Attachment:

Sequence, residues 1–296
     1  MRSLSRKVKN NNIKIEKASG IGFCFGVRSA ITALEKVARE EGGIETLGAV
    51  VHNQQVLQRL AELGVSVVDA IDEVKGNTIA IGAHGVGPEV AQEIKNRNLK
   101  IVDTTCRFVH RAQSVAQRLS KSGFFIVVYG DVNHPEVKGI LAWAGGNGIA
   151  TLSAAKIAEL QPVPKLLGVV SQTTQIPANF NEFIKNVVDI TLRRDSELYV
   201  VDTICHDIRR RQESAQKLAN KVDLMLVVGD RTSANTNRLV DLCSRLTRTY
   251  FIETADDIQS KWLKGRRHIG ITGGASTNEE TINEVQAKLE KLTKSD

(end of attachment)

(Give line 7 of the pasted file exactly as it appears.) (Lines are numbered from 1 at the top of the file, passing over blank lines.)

   251  FIETADDIQS KWLKGRRHIG ITGGASTNEE TINEVQAKLE KLTKSD